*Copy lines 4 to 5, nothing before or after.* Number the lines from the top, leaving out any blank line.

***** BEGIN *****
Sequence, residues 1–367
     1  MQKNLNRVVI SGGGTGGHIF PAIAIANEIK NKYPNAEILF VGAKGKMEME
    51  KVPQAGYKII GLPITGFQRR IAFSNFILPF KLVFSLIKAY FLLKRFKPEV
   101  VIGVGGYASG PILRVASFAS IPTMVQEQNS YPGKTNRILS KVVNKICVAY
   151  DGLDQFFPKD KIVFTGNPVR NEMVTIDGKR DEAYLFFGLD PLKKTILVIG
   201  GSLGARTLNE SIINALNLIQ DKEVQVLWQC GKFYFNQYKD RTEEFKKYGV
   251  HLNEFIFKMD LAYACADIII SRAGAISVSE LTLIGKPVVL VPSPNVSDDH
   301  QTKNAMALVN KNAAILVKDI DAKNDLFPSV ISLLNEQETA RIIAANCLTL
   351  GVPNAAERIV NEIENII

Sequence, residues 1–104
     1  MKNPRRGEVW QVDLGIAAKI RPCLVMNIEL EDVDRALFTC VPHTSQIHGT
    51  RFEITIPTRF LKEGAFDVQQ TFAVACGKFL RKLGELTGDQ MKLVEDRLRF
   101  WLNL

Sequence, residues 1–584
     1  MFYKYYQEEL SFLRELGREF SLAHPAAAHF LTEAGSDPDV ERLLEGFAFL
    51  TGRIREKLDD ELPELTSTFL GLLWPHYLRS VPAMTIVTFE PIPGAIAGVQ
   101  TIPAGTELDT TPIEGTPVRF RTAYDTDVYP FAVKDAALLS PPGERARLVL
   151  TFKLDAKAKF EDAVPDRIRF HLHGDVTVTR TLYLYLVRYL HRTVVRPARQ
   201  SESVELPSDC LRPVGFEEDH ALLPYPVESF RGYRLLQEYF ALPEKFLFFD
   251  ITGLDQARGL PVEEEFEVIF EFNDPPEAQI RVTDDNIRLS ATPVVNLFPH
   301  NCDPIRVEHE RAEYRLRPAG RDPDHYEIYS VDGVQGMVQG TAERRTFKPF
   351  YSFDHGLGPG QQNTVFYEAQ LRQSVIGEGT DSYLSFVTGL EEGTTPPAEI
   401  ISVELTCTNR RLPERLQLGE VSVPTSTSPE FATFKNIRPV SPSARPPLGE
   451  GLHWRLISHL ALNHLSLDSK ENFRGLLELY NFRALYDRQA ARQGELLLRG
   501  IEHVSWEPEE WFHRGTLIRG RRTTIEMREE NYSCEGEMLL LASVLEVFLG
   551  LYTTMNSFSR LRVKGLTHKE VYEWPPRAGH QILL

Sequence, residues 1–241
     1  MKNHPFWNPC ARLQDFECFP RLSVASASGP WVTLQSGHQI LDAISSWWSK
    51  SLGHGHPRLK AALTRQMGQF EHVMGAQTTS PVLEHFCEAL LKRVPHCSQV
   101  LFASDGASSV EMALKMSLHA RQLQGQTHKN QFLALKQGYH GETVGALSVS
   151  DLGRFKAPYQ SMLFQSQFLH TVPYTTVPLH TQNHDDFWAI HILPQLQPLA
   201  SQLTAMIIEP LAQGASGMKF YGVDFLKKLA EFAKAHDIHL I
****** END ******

   101  VIGVGGYASG PILRVASFAS IPTMVQEQNS YPGKTNRILS KVVNKICVAY
   151  DGLDQFFPKD KIVFTGNPVR NEMVTIDGKR DEAYLFFGLD PLKKTILVIG